Construction in Baghdad [Credits: James Gordon via Flickr]
Baghdad’s property market has experienced a new breath of life in recent months after being stagnant for some time due to excessive violence. This was prompted by a dramatic fall in violence. While most real estate agents saw themselves jobless when sectarian killings raged in the city only last year, now they can’t seem to keep up with the new found demand.
Prices for real estate in some parts of Baghdad have all but doubled since 2007 and many of these properties sell instantly once they are on the market. Leases are also hot property for many which creates a huge vacuum right now as available real estate is rare indeed.
Abdullah Jasim of the al-Noor real estate agency said: “Last year there was lots of real estate to sell and no buyers. Now it’s the opposite. There’s not enough for sale. If you put something up for sale, it’s immediately sold.”
Since violence dropped to a four year low, the Iraqi government has urged millions of Iraqis to return home. They are even sponsoring flights to get some of them back home.
Despite the positive side there are still shadows as efforts to reunite Shi’ites and Sunni Arabs proof challenging. This has resulted in the creation of exclusive sectarian enclaves to separate the sects in order to keep peace.These new districts are one of the major reasons why the property market has surged forward with so much power in recent months.
“Districts are now reserved for each sect … everyone knows that if you go to this area, you’re this sect, and if you go to that area, you’re that sect,” said Realtor Mahmoud al-Mokhtar.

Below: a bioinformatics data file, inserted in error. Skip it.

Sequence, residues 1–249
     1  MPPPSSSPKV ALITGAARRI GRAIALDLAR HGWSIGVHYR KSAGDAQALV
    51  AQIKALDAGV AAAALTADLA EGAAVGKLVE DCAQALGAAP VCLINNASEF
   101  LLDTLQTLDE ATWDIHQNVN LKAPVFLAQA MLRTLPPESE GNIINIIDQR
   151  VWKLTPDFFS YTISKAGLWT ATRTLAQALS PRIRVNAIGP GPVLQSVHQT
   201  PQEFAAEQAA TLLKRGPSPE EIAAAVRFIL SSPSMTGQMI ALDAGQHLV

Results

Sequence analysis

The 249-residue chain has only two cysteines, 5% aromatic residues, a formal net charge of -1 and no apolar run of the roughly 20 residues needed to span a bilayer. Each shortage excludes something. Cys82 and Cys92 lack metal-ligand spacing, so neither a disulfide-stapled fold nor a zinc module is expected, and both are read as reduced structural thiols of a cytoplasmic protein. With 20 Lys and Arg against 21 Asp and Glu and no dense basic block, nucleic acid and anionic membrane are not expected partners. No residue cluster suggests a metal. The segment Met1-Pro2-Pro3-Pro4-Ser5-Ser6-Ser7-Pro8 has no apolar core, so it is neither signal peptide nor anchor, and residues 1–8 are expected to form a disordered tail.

At present there are 2.8 million people displaced in Iraq. Most of them hail from Baghdad. When a wave of violence struck the city in 2006 when a revered Shi’ite shrine was bombed, most of them fled Baghdad. At the height of the chaotic war, dozens of people were killed by sectarian death squads each day, dumping their bodies in the streets.
Now that many of the Shi’ites who fled the Baghdad district of Karkh come back, they choose to live with their co-faith in Rusafa. In neighboring and smaller Karkh, once home to the notorious al Qaeda hot spot Haifa Street, prices have doubled in the last six months. A deluxe three-bedroom 150 square meter apartment in Karkh now costs $130,000.
Some returning locals prefer to pay more for security by looking to live outside the secular areas. Many of them are shocked to return to the current market prices. To some of them, the costs are so high that they can’t pay for a property, while others happily pay extra, as long as they are grouped within educated areas where people don’t care about religion and sects.
Some families couldn’t even access their homes because they were being occupied by squatters. However, the government has now instigated strict eviction methods to get these people their homes back. Market observers also think Baghdad to be a good long term investment because of the ever increasing securities in the city.
Tarin Hills in Erbil – Iraq’s first Masterplanned Off Plan Development
Thousands of families flock to Abu Nawas Street, a tree-lined avenue on the banks of the Tigris River on weekends where they play and relax in a newly renovated park. In July, the foundation stone was also set for new luxury hotel in Baghdad. Many great investment opportunities are being created as we speak. One major development has also continued to attract a lot of attention. Tarin Hills in Erbil is Iraq’s first ever Off Plan investment property development.
One dark shadow in all the positives is created by the continuous instability in Sunni-dominated Hay al-Jami’a. Hay al-Jami’a was once one of Baghdad’s wealthiest districts, But the instability forces prices to depress. On the contrary, in Kadhamiya, a mostly crowded, low-to-middle class and predominantly Shi’ite district of north Baghdad, prices have rocketed.
One trump card Realtors are using is the close by location of a famous Shi’ite shrine. The shrine of Imam al-Kadham is one of Shi’ite Islam’s 12 imams and attracts tens of thousands of Shi’ite pilgrims every year. While Shi’ite ceremonies were curbed under former Iraqi leader Saddam Hussein, they are now taking off big time with a huge surge in religious tourism.